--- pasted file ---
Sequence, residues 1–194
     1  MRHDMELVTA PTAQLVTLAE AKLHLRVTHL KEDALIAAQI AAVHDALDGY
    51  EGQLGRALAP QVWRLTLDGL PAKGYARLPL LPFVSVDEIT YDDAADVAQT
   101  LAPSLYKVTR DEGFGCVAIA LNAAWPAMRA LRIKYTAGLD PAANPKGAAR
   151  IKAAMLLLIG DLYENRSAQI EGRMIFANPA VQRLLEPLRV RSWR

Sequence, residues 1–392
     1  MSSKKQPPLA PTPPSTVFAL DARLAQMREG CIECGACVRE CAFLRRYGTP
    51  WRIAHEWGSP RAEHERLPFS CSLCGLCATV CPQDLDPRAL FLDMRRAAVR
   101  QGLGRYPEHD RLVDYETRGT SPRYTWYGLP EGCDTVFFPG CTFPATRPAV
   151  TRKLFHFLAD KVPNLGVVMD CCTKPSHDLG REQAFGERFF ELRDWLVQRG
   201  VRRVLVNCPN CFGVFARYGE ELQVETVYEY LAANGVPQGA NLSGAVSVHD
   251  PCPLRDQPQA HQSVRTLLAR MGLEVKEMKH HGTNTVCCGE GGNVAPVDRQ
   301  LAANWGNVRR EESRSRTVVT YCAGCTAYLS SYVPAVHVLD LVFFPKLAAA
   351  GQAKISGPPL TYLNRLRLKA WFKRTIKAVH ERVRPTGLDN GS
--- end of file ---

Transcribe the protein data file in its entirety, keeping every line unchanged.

Sequence, residues 1–194
     1  MRHDMELVTA PTAQLVTLAE AKLHLRVTHL KEDALIAAQI AAVHDALDGY
    51  EGQLGRALAP QVWRLTLDGL PAKGYARLPL LPFVSVDEIT YDDAADVAQT
   101  LAPSLYKVTR DEGFGCVAIA LNAAWPAMRA LRIKYTAGLD PAANPKGAAR
   151  IKAAMLLLIG DLYENRSAQI EGRMIFANPA VQRLLEPLRV RSWR

Sequence, residues 1–392
     1  MSSKKQPPLA PTPPSTVFAL DARLAQMREG CIECGACVRE CAFLRRYGTP
    51  WRIAHEWGSP RAEHERLPFS CSLCGLCATV CPQDLDPRAL FLDMRRAAVR
   101  QGLGRYPEHD RLVDYETRGT SPRYTWYGLP EGCDTVFFPG CTFPATRPAV
   151  TRKLFHFLAD KVPNLGVVMD CCTKPSHDLG REQAFGERFF ELRDWLVQRG
   201  VRRVLVNCPN CFGVFARYGE ELQVETVYEY LAANGVPQGA NLSGAVSVHD
   251  PCPLRDQPQA HQSVRTLLAR MGLEVKEMKH HGTNTVCCGE GGNVAPVDRQ
   301  LAANWGNVRR EESRSRTVVT YCAGCTAYLS SYVPAVHVLD LVFFPKLAAA
   351  GQAKISGPPL TYLNRLRLKA WFKRTIKAVH ERVRPTGLDN GS